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This book follows two young boys in wartime Britain. The narrator, Stephen Wheatley, is flashing back to his childhood relationship with his neighbour Keith. Keith is the other main character in the book and plays a very significant role in many ways. Keith and his family are in a social class above Stephen and he is always painfully aware of how lucky he is to be able to interact with them. Because of this it is usually Keith that leads their playtime activities. Keith is always the instigator and inventor of their games and adventures.

Stephen is content just to be the loyal sidekick. One adventure in particular, however, starts them down the path of no return. When Keith says “My mum is a German spy” Stephen valiantly follows with his servile attitude, here too, wherever Keith leads. Stephen says: “I have been granted a modest foothold of my own in the story, as the loyal squire and sword bearer that a hero requires” Stephen is passive and lets Keith walk all over him. Keith is always the leader and the dictator of what they do and is referred to as a commander.

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His essence of dominance is perhaps enhanced when on page 55 of the book he insights Stephen to make and oath with him. At the end of this oath he says “Allowed by me, Keith Hayward” Which emphasizes him as the leader, it was allowed by him and not Stephen. The relationship between Keith and Stephen is a leader and follower one but if looked at more closely, Keith is essentially Stephen’s bully. Keith in many instances puts Stephen down. Stephen is constantly subservient to Keith, but there is an underlying dependence from Keith for “Someone to be braver than him”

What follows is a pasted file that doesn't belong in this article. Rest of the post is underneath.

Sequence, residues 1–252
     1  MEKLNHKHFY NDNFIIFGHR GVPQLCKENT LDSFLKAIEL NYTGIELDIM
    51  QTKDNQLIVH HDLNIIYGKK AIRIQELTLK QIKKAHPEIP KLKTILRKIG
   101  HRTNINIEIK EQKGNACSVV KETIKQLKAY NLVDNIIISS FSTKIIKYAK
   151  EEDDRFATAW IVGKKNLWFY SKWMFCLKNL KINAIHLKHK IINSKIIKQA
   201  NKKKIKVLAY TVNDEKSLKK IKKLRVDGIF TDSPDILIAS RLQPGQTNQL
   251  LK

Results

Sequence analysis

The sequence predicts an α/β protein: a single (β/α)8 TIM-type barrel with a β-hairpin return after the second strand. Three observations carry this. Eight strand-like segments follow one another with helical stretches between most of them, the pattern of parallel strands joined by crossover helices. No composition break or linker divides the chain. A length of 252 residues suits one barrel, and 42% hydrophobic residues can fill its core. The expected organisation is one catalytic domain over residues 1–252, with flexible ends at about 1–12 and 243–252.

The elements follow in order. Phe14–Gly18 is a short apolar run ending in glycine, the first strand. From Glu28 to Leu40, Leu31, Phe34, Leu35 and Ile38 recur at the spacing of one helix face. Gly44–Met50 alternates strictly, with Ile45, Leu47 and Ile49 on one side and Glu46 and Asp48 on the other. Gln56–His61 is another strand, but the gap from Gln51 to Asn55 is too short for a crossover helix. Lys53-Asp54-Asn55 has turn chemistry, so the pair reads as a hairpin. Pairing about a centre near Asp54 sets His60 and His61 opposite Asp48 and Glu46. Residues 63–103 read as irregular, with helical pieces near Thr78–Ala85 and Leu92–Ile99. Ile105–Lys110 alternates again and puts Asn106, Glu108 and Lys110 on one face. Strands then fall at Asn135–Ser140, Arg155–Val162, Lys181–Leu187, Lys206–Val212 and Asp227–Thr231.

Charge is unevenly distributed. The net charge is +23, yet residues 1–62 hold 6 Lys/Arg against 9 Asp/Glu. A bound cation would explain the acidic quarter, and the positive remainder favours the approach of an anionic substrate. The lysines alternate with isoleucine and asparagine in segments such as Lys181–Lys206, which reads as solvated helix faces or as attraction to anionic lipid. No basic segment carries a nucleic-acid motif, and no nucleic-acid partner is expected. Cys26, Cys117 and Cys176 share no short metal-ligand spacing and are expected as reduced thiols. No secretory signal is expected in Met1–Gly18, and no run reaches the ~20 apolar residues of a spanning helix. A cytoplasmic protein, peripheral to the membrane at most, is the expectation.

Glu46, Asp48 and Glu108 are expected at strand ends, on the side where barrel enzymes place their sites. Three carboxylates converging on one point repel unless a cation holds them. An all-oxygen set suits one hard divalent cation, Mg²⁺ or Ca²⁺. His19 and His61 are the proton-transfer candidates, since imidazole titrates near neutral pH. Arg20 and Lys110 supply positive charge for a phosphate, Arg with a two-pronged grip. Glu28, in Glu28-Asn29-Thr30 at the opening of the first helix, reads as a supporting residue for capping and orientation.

Keith makes stephen feel inferior, when they are on their adventures and in general, “He puts a restraining arm on my shoulder” This sentence Stephen suggests Keith always holding him back, perhaps to stop Stephen’s developing independence because without him Keith will be alone. Keith is clever and quick thinking and he knows things that Stephen is still trying to work out so he has an advantage over him, for now. He has an air of superiority over Stephen, “Registers an almost imperceptible moment of superiority. I remember now often I’ve been humiliated by him like this in the past”

Keith has great influence over Stephen who will imitate Keith and try to prove himself to him. However when Stephen begins to become more independent he can get rid of Keith, he is no longer in need of someone to be his leader or a guide he has matured and grown more confident. He makes a new friend and almost has a girlfriend which basically leaves Keith behind because he is an outcast and has been ostracized for the entirety of the book. Keith has an under developed character and is anti-social, he also has very adult like qualities which make him seem almost peculiar.

His maturity allows him an advantage over Stephen to begin with but when Stephen begins to develop his own independence and maturity like a normal child Keith loses this. Keith was, however, important to Stephen’s development and to him becoming more independent. Keith was important to Stephen’s growing up and at first Stephen does not want to let go of him. There is a loss of innocence in Stephen, but it is a gradual loss, a slipping away as his and Keith’s relationship also changes A large aspect of Stephen and Keith relationship seems to be based on class issues.